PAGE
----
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Int J Epidemiol. 2018 Dec 7. doi: 10.1093/ije/dyy264. [Epub ahead of print]

Use of a pooled cohort to impute cardiovascular disease risk factors across the adult life course.

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Department of Public Health Sciences, University of Miami, Miami, FL, USA.
Department of Epidemiology & Biostatistics, University of California San Francisco, San Francisco, CA, USA.
Division of General Medicine, Columbia University Medical Center, New York, NY, USA.
Department of Medicine, Johns Hopkins University School of Medicine, Baltimore, MD, USA.
Department of Epidemiology, Johns Hopkins University Bloomberg School of Public Health, Baltimore, MD, USA.
Department of Psychiatry, University of California San Francisco, San Francisco Veterans Affairs Medical Center, San Francisco, CA, USA.
Department of Neurology, University of California San Francisco, San Francisco Veterans Affairs Medical Center, San Francisco, CA, USA.



In designing prevention strategies, it may be useful to understand how early and midlife cardiovascular disease risk factor (CVDRF) exposures affect outcomes that primarily occur in mid to late life. Few single US cohorts have followed participants from early adulthood to late life.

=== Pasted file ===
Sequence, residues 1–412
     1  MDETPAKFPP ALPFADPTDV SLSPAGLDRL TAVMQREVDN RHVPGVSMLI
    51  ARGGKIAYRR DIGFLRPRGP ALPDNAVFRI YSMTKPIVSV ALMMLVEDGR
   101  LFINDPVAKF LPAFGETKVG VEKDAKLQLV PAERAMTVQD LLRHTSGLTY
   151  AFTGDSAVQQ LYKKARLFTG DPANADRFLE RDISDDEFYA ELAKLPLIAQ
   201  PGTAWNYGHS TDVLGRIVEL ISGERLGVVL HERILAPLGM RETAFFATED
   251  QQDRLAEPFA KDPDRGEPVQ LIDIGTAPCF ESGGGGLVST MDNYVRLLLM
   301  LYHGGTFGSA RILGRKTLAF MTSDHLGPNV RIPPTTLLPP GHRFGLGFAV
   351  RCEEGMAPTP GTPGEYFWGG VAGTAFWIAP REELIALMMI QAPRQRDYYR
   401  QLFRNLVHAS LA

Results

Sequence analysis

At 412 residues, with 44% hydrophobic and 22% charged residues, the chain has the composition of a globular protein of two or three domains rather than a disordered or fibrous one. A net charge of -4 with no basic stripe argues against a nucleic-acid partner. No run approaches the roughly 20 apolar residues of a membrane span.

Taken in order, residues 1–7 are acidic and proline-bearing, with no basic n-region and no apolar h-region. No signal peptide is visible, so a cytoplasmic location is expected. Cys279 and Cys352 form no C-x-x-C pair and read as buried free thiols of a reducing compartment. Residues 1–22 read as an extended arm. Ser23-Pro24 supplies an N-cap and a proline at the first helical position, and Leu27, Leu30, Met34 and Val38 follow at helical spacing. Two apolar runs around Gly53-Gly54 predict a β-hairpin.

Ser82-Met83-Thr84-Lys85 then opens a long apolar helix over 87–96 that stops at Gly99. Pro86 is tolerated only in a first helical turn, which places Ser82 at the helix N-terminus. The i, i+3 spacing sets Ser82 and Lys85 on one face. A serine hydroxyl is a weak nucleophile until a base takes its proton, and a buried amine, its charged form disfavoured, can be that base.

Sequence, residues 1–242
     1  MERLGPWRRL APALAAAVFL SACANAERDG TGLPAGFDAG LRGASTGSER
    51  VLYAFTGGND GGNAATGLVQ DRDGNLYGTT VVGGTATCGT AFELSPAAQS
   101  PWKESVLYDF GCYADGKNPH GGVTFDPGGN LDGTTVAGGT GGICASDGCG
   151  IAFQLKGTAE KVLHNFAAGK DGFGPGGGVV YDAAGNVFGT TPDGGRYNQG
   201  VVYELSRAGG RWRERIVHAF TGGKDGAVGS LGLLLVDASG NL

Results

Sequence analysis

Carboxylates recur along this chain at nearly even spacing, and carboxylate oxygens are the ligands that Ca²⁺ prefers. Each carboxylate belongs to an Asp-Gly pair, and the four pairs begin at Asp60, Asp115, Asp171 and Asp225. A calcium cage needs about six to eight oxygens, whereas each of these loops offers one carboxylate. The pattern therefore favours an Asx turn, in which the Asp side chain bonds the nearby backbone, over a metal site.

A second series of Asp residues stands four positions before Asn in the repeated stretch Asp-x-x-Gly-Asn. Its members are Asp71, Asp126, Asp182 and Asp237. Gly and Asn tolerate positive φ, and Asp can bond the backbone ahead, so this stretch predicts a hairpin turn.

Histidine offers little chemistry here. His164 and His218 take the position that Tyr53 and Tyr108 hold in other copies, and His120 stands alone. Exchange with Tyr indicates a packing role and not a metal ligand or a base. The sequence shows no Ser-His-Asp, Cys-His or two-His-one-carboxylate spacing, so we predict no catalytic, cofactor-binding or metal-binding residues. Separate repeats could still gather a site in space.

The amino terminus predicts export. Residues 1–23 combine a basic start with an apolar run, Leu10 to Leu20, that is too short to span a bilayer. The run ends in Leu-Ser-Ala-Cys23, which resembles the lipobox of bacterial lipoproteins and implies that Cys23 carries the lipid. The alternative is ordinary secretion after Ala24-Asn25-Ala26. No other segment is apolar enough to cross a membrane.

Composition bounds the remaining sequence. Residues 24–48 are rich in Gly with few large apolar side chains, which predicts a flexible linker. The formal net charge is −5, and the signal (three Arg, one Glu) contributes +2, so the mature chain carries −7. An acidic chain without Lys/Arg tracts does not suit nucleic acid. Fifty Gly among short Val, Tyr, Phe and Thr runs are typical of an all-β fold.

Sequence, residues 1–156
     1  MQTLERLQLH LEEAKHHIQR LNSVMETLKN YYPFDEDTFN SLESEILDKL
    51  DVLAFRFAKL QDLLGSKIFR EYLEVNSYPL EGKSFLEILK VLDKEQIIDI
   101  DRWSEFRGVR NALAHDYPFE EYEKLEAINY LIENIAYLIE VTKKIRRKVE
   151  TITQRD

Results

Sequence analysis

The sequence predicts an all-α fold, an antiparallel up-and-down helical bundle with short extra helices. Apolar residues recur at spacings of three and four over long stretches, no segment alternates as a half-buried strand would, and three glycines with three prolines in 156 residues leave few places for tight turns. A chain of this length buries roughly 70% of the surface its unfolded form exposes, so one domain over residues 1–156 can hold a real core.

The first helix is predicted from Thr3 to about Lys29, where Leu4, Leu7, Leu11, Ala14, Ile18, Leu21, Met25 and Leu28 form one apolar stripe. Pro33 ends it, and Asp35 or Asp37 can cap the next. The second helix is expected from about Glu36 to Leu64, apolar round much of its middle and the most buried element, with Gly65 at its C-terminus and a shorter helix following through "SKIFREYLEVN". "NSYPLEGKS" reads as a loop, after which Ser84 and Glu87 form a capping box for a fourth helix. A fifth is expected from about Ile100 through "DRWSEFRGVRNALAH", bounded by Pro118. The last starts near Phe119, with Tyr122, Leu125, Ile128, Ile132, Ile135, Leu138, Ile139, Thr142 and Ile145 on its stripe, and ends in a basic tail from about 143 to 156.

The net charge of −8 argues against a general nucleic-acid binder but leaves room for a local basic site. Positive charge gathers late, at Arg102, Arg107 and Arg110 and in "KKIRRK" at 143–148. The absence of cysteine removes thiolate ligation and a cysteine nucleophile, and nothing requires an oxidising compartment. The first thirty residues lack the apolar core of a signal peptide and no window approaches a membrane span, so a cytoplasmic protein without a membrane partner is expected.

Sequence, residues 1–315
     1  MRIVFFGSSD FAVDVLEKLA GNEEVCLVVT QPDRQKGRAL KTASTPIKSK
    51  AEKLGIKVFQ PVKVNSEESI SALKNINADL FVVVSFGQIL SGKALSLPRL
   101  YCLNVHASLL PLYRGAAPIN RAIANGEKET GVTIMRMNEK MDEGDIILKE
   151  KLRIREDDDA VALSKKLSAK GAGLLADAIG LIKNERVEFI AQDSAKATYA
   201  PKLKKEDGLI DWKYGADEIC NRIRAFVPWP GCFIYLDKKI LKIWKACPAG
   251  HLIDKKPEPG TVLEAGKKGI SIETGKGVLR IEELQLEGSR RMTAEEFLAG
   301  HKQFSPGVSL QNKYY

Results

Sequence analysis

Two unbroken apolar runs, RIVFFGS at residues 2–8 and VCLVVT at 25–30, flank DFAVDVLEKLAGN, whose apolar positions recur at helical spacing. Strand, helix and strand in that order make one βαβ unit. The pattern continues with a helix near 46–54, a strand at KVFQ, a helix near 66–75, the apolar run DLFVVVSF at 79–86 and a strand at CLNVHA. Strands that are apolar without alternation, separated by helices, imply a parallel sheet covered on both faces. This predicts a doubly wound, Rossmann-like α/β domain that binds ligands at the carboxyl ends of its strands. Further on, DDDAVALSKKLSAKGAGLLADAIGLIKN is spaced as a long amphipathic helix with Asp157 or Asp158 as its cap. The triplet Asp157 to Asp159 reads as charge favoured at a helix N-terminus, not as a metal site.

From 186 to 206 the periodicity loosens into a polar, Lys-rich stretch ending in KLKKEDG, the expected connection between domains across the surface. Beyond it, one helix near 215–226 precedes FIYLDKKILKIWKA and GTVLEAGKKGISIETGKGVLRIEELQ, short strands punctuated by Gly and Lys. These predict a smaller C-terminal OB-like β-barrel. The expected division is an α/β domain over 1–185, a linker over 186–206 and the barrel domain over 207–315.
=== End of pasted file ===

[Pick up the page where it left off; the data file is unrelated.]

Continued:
We pooled four prospective cohorts that represent segments of the adult life course, and studied 15 001 White and Black adults aged 18 to 95 years at enrollment. We imputed early and midlife exposure to body mass index (BMI), glucose, lipids and blood pressure (BP). CVDRF trajectories were estimated using linear mixed models. Using the best linear unbiased predictions, we obtained person-specific estimates of CVDRF trajectories beginning at age 20 until each participant's end of follow-up. We then calculated for each CVDRF, summary measures of early and midlife exposure as time-weighted averages (TWAs).


In the pooled cohort, 33.7% were Black and 54.8% were female. CVDRF summary measures worsened in midlife compared with early life and varied by sex and race. In particular, systolic and diastolic BP were consistently higher over the adult life course among men, and BMI was higher among Blacks, particularly Black women. Simulation studies suggested acceptable imputation accuracy, especially for the younger cohorts. Correlations of true and imputed CVDRF summary measures ranged from 0.53 to 0.99, and agreement ranged from 67% to 99%.


These results suggest that imputed CVDRFs may be accurate enough to be useful in assessing the effects of early and midlife exposures on later life outcomes.


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